UncategorizedOmar Sharif’s Top 5 Roles

July 12, 2015434 min

On Friday, Hollywood lost one of the greats in actor Omar Sharif. Like we do often when someone passes, we look back on their career and reminisce on their greatness. While Sharif’s name may not ring a bell right away for some, if you are a film lover you will remember him for his roles in two of Hollywood’s biggest epics, and for one of the best entrances in film history.

 

Honorable mentions

“Hidalgo” and “Top Secret”. While “Hidalgo” is a film you wouldn’t call great, it was the return of Sharif to a role that felt right enough to puts it on this list. As for “Top Secret”, it’s a favorite film from my childhood, and his turn as Agent Cedric was just perfect.

 

  1. Monsieur Ibrahim

Tells the story that involves a young boy who devolves a relationship with a Turkish storeowner. That shop’s owner is played by Sharif, who won a Ceasar for his performance.

 

  1. The Night of the Generals

Like many of his great films, the cast of actors he acts along side and often rises above is extraordinary. With Peter O’Toole, Tom Courtenay, and Donald Pleasence in the mix. While O’Toole’s performance is exquisite, it’s Sharif who as Major Grau that helps keeps it together.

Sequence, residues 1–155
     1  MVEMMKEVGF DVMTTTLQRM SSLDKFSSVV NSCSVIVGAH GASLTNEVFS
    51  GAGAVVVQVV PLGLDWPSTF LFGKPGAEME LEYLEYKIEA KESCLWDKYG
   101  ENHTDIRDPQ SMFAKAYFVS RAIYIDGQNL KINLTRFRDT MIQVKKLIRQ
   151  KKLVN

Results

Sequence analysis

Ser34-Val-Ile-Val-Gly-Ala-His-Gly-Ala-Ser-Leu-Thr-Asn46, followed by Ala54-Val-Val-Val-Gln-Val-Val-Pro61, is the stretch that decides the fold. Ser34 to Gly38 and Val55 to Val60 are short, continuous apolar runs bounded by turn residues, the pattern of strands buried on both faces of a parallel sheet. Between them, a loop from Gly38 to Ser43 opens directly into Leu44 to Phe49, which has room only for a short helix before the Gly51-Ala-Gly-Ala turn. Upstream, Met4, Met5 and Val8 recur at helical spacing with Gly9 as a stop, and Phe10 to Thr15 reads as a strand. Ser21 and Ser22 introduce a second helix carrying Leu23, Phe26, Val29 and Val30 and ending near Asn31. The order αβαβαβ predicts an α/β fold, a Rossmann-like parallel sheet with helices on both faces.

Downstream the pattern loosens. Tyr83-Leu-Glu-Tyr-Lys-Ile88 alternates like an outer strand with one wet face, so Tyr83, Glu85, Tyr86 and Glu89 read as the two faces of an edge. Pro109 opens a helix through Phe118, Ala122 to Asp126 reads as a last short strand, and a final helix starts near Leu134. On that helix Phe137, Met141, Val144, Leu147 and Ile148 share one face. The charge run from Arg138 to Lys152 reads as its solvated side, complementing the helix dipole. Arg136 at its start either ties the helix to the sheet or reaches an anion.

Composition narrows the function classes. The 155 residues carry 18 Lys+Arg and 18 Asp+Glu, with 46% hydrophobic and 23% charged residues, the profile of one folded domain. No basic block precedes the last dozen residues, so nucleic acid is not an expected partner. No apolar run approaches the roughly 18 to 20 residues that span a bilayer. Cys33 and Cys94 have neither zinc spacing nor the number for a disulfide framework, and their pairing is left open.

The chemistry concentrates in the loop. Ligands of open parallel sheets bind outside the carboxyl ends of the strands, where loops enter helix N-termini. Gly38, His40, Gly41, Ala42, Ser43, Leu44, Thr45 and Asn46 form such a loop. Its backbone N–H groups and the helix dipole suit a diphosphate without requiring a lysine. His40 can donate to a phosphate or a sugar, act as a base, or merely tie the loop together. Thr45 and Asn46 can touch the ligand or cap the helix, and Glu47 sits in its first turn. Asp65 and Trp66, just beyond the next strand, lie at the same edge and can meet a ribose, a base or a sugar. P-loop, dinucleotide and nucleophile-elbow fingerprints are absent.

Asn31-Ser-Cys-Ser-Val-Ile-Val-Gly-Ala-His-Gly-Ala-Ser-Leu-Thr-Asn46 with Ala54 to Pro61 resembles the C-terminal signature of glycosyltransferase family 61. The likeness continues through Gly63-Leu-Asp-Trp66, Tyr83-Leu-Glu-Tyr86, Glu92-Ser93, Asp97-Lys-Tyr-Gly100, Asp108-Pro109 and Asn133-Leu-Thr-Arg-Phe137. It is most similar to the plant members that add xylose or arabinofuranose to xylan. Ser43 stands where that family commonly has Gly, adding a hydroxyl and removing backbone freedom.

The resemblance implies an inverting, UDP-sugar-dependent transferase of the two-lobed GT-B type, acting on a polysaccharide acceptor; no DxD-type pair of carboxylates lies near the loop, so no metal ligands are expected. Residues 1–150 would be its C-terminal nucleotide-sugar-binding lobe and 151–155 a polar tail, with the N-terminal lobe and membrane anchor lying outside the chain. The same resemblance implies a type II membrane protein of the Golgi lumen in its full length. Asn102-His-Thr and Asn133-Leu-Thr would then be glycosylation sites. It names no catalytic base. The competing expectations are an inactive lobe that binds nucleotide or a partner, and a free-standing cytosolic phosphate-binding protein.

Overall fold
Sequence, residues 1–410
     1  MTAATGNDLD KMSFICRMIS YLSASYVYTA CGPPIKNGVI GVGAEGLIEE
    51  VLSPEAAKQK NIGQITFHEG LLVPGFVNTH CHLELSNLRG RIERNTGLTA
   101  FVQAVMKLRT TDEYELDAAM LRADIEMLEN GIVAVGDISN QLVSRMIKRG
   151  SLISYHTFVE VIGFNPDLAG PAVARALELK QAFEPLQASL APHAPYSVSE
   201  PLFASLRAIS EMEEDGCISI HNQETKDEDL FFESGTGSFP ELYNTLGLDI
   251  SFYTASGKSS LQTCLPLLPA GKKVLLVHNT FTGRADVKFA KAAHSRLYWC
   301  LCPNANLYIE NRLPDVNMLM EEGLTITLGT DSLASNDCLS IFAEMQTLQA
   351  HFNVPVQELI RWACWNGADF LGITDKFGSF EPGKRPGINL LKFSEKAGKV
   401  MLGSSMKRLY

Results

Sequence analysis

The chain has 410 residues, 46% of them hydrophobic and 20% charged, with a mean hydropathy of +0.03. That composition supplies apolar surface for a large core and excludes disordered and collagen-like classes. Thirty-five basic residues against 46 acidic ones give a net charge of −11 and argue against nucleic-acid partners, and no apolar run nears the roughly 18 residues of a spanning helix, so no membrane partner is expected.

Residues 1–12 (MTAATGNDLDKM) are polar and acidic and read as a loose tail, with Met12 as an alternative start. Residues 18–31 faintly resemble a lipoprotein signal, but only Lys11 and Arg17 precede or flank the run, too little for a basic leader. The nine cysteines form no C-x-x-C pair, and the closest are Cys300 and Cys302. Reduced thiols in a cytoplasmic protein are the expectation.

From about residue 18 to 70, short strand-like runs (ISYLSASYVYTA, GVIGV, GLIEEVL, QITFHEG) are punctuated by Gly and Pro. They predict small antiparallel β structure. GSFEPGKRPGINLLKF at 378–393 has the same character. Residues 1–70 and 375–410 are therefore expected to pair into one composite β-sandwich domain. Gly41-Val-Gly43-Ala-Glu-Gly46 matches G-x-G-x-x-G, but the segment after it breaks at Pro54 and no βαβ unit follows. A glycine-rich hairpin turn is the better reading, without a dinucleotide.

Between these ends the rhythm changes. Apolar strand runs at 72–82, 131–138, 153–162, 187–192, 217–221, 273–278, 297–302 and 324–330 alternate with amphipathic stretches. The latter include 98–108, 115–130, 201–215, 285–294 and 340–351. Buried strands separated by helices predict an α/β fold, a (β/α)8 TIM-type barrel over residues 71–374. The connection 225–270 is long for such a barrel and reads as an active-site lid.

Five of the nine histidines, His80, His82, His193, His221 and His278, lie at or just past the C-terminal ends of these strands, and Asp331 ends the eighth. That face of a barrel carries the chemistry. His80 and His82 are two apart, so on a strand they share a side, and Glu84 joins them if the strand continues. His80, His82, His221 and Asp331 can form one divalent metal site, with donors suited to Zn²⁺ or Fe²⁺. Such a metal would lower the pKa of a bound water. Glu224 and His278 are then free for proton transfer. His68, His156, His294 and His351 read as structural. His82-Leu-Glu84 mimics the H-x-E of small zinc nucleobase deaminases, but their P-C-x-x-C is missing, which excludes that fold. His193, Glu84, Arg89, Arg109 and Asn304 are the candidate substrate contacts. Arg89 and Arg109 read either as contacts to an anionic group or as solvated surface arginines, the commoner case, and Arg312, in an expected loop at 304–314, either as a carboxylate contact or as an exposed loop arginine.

1. Funny Girl.

Whenever you think of this film, it is hard not to think of Barbra Streisand, but it is Sharif, who plays Nicky Arnstein that helps put it all together. Streisand would go on to receive an Oscar for her role, but Sharif helps make the film what it ended up being.

2. Doctor Zhivago

When you look up Hollywood epic in the dictionary you will see David Lean’s adaptation of Boris Pasternak’s “Doctor Zhivago”. The movie tells the tale of a doctor and a poet, who falls in love with a woman all while surviving the first World War and the October Revolution. Sharif won a Golden Globe for his performance as well as the hearts of a million women.

 

  1. Lawrence of Arabia

There is not a more epic film then David Lean’s “Lawrence of Arabia”. While the film belongs to Peter O’Toole, it is the introduction of Sharif that feels just as memorable, including as mentioned above one of the greatest entrances in film history.

 

Rest in Peace Mr. Sharif

 

 

 

 

 

 

 

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